There is already scrambling going on and some of the marquee early-season tournaments have already been impacted.

The Maui Invitational will be moved from Hawaii to Asheville, North Carolina, with dates still to be determined and organizers clear that everyone involved “will be in a bubble environment that limits their movement and interaction outside the venue.” The Batttle 4 Atlantis has been canceled. The Cancun Challenge will be held in Melbourne, Florida, not Mexico.

More changes almost certainly will be coming, including what to do with the ACC-Big Ten Challenge.

“I think we’re past the guesswork on whether we play 20 conference games or more than that,” Purdue coach Matt Painter said Friday. “We’re trying to get everybody set like in terms of MTEs (multi-team events), figuring out when to play the ACC-Big Ten challenge.”

Painter, who was part of the NCAA committee that recommended how to start the season, noted part of the uncertainty stems from differing protocols imposed by campus, city and state officials.

In Indianapolis, Vaughn believes the convention center, nearby hotels, restaurants and downtown businesses, many within walking distance of the venue, could safely accommodate up to 24 teams. The 745,000-square foot facility would feature six basketball courts and two competition courts.

Anyone entering the convention center would undergo saliva-based rapid response testing, which would be sent to a third-party lab for results. Others venues could be added, too, potentially with more fans, if the case numbers decline.

If there is a taker, the event also could serve as a dry run for the 2021 Final Four, also slated for Indy.

“It’s not going to hurt,” Vaughn said. “I can tell you all the planning we’re doing right now is the same for a Final Four that’s been scheduled here for any other year. But it would be nice to have this experience under our belt to see if it can be done.”

Maui Invitational moving to North Carolina during pandemic

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ASHEVILLE, N.C. — The Maui Invitational is moving to the mainland during the coronavirus pandemic.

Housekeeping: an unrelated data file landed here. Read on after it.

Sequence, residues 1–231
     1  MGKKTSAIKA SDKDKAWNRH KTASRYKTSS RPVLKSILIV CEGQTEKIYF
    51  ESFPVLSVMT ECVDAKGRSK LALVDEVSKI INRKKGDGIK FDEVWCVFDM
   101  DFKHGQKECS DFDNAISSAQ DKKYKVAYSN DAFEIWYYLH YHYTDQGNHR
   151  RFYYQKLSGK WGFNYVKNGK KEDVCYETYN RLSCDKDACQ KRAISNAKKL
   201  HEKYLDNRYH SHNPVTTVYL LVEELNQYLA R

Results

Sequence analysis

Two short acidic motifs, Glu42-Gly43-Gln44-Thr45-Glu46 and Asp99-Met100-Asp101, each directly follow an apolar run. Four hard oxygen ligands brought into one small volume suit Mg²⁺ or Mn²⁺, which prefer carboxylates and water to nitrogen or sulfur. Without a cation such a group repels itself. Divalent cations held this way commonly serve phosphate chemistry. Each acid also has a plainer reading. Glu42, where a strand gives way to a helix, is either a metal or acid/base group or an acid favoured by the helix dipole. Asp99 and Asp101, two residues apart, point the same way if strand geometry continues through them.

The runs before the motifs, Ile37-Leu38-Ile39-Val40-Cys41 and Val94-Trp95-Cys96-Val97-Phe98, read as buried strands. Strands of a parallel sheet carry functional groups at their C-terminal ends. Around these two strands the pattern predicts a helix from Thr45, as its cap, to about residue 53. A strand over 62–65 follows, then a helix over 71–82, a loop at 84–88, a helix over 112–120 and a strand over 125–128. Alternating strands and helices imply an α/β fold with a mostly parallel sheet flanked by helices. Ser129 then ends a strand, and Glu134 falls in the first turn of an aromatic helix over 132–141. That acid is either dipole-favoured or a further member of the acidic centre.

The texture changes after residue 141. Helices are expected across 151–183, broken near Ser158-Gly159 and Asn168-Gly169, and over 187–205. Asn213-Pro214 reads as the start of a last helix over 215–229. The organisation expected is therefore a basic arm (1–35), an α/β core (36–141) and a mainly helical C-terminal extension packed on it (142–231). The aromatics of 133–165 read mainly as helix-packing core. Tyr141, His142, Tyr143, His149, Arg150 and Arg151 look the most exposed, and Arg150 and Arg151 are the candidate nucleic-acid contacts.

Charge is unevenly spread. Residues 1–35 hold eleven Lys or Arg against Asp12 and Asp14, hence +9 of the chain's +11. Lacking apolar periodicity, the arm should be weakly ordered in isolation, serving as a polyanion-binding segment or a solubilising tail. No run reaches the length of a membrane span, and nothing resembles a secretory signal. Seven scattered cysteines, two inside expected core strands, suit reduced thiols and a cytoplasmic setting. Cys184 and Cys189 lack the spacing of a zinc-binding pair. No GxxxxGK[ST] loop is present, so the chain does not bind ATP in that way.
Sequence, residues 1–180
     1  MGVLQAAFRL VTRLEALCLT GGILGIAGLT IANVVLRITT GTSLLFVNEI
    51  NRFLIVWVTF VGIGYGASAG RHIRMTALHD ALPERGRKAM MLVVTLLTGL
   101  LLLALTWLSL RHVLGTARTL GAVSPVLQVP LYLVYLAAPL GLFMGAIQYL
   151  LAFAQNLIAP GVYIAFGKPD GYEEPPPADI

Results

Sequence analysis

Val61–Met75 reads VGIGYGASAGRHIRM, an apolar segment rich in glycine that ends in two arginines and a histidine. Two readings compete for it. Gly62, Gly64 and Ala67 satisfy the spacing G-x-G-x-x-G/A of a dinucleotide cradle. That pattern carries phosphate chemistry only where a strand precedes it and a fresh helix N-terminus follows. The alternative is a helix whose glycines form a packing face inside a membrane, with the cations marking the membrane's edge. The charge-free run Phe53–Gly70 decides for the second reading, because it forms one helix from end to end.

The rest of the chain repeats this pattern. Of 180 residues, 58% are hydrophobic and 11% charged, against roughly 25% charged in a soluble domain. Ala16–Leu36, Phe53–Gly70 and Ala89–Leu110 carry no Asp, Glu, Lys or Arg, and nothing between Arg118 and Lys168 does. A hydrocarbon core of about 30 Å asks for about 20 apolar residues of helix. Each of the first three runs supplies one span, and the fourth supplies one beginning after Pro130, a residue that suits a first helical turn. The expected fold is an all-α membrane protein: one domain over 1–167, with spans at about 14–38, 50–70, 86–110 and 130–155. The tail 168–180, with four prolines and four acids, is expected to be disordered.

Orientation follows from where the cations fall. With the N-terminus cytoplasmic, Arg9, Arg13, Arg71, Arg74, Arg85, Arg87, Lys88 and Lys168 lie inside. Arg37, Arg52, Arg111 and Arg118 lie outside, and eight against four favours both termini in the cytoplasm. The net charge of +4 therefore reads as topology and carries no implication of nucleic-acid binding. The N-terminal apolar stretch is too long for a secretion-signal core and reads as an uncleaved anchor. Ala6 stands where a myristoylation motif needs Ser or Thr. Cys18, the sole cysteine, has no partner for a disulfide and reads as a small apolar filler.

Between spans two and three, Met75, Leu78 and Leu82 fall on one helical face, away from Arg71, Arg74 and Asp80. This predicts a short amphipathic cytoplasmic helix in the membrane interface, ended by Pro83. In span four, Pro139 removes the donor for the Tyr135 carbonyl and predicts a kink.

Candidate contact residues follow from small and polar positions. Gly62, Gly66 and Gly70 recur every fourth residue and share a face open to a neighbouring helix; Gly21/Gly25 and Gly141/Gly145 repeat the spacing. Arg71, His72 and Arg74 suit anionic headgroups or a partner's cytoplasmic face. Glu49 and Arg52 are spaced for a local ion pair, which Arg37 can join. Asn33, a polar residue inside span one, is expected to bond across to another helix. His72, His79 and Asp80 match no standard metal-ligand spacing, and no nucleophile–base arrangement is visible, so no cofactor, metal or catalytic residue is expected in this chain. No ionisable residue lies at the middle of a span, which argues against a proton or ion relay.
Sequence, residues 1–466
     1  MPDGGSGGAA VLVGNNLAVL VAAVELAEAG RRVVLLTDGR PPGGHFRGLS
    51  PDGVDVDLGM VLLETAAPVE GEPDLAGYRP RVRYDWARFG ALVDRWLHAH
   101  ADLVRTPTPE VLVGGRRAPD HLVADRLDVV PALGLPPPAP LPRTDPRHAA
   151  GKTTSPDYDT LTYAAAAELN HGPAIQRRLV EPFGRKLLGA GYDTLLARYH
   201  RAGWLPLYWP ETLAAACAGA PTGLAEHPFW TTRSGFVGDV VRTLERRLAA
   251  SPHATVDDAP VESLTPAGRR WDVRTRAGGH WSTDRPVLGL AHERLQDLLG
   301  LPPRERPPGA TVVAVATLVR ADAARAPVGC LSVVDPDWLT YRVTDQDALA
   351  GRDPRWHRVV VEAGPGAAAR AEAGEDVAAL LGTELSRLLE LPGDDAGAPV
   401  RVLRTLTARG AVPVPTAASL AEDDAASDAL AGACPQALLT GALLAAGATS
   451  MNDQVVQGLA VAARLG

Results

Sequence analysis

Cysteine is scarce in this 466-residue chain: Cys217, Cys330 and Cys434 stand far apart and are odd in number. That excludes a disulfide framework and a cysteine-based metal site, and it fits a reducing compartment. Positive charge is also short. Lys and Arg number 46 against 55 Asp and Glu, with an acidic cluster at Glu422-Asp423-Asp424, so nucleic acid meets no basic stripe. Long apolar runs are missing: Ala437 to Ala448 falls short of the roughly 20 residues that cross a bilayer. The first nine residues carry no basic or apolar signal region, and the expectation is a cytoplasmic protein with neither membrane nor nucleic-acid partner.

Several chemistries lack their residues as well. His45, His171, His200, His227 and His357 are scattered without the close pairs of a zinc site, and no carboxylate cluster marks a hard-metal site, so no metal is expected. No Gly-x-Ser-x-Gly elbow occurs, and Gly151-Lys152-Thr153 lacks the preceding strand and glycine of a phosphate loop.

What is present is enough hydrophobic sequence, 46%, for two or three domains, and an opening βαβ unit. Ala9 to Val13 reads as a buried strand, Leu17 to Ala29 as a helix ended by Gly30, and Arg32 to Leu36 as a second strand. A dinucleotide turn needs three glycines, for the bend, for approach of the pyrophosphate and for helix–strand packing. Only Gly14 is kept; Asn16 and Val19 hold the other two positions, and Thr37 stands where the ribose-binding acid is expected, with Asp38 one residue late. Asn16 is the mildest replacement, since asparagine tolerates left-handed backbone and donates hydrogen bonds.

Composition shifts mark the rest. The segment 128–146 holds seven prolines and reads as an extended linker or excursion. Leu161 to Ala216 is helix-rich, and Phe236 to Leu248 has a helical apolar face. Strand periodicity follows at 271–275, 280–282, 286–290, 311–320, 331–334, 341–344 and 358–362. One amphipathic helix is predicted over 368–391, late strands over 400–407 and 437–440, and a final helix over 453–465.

One of the premier preseason tournaments on the college basketball schedule, the Maui Invitational will be played at the Harrah’s Cherokee Center in downtown Asheville, North Carolina.

Dates for the tournament announced Friday have yet to be finalized. The NCAA announced Wednesday that the college basketball season will begin Nov. 25.

This year’s Maui Invitational field includes Alabama, Davidson, Indiana, North Carolina, Providence, Stanford, Texas and UNLV.

All teams, staff, officials, and personnel will be in a bubble environment that limits their movement and interaction outside the venue.

Burton eligible at Texas Tech after 2 seasons at Wichita State

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LUBBOCK, Texas — Junior guard Jamarius Burton has been granted a waiver from the NCAA that makes him eligible to play this season for Texas Tech after starting 52 games the past two seasons for Wichita State.

Texas Tech coach Chris Beard announced the waiver Thursday, which came five months after Burton signed with the Big 12 team.

Burton has two seasons of eligibility remaining, as well as a redshirt season he could utilize. He averaged 10.3 points and 3.4 assists per game as a sophomore at Wichita State, where he played 67 games overall.

Burton is from Charlotte. He helped lead Independence High School to a 31-1 record and the North Carolina Class 4A state championship as a senior there.

NCAA season set to open day before Thanksgiving

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The NCAA men’s and women’s basketball season will begin on Nov. 25, the day before Thanksgiving.

The Division I Council voted Wednesday to push the start date back from the originally scheduled Nov. 10 as one of several precautions against the spread of coronavirus.

The later start date coincides with the decision most schools made to send students home from Thanksgiving until January out of concern about a potential late-fall and early-winter flareup of COVID-19. Closed campuses could serve as a quasi bubble for players and provide a window for non-conference games.

The maximum number of regular-season games has been reduced from 31 to 27. The minimum number of games for consideration for the NCAA Tournament was cut from 25 to 13.

Teams can start preseason practices Oct. 14 but will be allowed to work out 12 hours per week beginning Monday.

No scrimmages against other teams or exhibitions are allowed.

In other action, the council voted to extend the recruiting dead period for all sports through Dec. 31. In-person recruiting is not allowed during a dead period, though phone calls and other correspondence are allowed.

The men’s and women’s basketball oversight committees had jointly recommended a start date of Nov. 21, which would have allowed for games to be played on the weekend before Thanksgiving. The council opted not to do that to avoid a conflict with regular-season football games.

The council is scheduled to meet again Oct. 13-14 and could delay the start date and change other pieces of the basketball framework if circumstances surrounding the virus warrant.